This will profoundly impact understanding doubledopant STM pictures, as discussed later. More generally, this means that higher energy singledopant states must be accounted for in the modeling on equal footing with singledopant ground states. The importance of higher singledopant levels is also apparent in manybody studies of dopant charging energies^{10,11}. The importance of excited singledopant states is also consistent with the recent work of one of our coauthors^{12} that presented calculations of dopant pairs, including interorbital couplings of excited singledopants. The knowledge of coupling between various pairs of orbitals will also be essential for constructing multiorbital models (such as a Hubbard model) for chains and arrays of multiple donors, thus going far beyond the context of STM simulations.
Nearsurface dopants
The deepburied dopant cases considered so far provide a better, more fundamental understanding of dopants in Si. However, in dopantbased quantum devices that STM can image, the dopants must be shallowplaced donors just below the surface and can be affected by surface proximity. Therefore, in Fig. 4, we repeat the analysis presented in Fig. 1. However, here, we performed the calculations for 1128 random placements of dopant pairs at most 3 l.c. (16.3 nm) below the \(2\times 1\) (dimer) reconstructed and hydrogenpassivated Si surface.
As shown in Fig. 4, the surface substantially modifies the wavefunction character of quasimolecular doubledopant ground states. Here, even for the large interdopant distance of 5 nm considered, A\(_1\) components comprise from 75% to 95% of the double dopant wave function, with most results grouping between 80% and 90%. Moreover, because the presence of surface breaks the bulk symmetry, one of the T\(_2\) states (e2 in Fig. 4) makes an important contribution, reaching up to approximately 10% to 15%. (We emphasize that states of dopants close to the surface no longer possess exact bulk A, T, or E symmetry.) Since this decomposition is performed with a basis defined by single, shallow dopants, the proximity of the surface modifies not only singleparticle contributions to dopant states but also the basis expansion (spectral composition) of doubledopant states.
STM image relevance
From the eigenstate decomposition, we know that the largest contributions to the doubledopant quasimolecular groundstate wave function typically are the A\(_1\) terms originating from the singledopant wave functions. Based on the above, one could expect that STM image simulation of a doubledopant system could be adequately reconstructed from two singledopant A\(_1\) wave functions. However, Fig. 5 shows this may not necessarily be true. To simulate an STM image from a dopant wave function, following Chen’s^{13} approach, the STM image is effectively created as a functional of the wave function on a plane above the Si surface. STM images strongly depend on the orbital character of the STM^{4,8} tip. Specifically, the STM image is built on a plane at the tip distance from the Si top surface and is obtained by combining contributions for s, p, and d tiporbitals (see the “Methods” section). In particular, the contribution of p and d tip orbitals can and will affect the resulting pictures significantly^{4,8}. Here, we take the tip composition with a notable contribution from p and d orbitals, as this combination has been found in our previous work^{8} to reproduce very well the experimental STM image of a single dopant.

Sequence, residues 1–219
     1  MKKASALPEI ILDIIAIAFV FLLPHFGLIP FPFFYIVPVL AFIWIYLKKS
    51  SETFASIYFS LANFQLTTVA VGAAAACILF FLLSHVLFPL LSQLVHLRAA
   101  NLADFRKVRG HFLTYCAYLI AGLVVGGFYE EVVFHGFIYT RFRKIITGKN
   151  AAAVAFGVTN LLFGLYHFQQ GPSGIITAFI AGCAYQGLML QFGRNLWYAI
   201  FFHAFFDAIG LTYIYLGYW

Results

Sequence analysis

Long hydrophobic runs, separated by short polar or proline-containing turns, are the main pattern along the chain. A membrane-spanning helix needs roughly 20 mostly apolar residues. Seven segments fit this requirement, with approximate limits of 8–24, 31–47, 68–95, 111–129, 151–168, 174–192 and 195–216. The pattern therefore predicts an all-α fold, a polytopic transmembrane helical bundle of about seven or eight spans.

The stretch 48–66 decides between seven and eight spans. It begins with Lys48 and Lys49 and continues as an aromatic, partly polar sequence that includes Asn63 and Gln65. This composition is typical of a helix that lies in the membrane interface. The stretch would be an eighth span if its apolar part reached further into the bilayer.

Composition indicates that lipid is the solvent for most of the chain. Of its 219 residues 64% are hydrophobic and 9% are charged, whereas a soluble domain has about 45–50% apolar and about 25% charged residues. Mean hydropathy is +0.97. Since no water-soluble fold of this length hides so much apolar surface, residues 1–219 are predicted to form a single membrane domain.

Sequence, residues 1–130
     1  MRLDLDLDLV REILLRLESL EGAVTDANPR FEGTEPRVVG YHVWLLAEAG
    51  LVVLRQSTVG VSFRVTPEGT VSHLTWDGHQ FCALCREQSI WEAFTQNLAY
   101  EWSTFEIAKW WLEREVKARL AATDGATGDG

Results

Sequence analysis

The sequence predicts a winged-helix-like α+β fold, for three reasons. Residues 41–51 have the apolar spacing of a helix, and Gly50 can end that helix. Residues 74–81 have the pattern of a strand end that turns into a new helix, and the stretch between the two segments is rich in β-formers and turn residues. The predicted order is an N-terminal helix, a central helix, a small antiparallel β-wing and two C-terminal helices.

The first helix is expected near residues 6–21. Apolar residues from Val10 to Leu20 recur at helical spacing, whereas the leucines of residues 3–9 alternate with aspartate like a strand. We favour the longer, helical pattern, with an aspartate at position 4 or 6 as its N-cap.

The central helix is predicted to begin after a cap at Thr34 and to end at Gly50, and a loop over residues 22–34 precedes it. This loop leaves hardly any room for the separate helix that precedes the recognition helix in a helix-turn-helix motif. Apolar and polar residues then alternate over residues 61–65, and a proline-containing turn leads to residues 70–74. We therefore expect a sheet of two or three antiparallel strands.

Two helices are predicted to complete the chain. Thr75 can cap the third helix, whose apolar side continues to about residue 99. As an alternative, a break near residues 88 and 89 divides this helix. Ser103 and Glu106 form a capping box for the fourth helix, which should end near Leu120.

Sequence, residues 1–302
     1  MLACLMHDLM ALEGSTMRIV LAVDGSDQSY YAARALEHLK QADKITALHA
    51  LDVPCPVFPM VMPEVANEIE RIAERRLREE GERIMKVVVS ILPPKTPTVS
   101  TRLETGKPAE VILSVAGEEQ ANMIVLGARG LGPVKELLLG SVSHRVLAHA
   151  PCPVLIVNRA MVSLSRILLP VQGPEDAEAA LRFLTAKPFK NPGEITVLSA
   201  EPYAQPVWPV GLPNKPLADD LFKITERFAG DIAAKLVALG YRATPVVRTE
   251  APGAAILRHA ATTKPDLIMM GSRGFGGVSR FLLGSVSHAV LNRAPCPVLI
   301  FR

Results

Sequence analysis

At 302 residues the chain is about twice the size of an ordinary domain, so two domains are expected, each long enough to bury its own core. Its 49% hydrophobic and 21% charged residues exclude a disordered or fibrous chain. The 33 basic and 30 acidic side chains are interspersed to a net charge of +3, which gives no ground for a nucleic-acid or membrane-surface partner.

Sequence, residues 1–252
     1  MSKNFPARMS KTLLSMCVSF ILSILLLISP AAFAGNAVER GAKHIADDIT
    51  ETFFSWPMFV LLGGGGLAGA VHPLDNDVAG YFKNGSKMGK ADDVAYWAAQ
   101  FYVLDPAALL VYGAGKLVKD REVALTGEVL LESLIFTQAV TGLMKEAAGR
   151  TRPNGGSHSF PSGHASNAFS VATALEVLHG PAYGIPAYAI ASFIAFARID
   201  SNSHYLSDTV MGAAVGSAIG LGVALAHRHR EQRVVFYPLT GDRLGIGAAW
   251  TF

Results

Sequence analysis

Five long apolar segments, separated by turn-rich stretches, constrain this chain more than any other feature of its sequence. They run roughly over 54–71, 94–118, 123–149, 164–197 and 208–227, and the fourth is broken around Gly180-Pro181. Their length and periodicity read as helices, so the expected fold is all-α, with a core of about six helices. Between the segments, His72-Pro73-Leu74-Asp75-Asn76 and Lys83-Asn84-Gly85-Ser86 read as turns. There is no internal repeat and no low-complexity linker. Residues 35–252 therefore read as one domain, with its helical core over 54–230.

Figure 5 shows a decomposition of the doubledopant wavefunction; however, using values of the STMlike wave function functional near the top 2D surface, which is relevant for the image construction, instead of the 3D wave function, as was done before. Effectively, this is a projection restricted to the 2D STMimage plane to determine the overlap relevant to the STM image. This difference is shown schematically in Fig. 6. We reiterate that, in Figs. 1 and 4, the dopant wave function has been projected in the basis of single dopant states. This projection captures the overlap everywhere. Here, in Fig. 5, we emphasize that a twodimensional wavefunction image (i.e. before applying absolute square in Eq. (1) from “Methods” Section) is decomposed into terms originating from the single dopant states capturing only the contribution from the image plane.
Comparing Figs. 4 and 5 shows that there is a broader spread in the contributions from the singledopant ground states. This is especially noticeable for small dopant separation. The contribution can be almost as low as 50% even though the sum more completely exhausts the 2D projection. The presence of tiporbitals with nontrivial (other than s) spatial dependence apparently further enhances the role of T\(_2\) states and higher spectral components, reaching over 20% of the STM image weight in many cases. Again, this is especially true for small dopant separations, suggesting a contribution that limits the STM resolution.
STM image ambiguity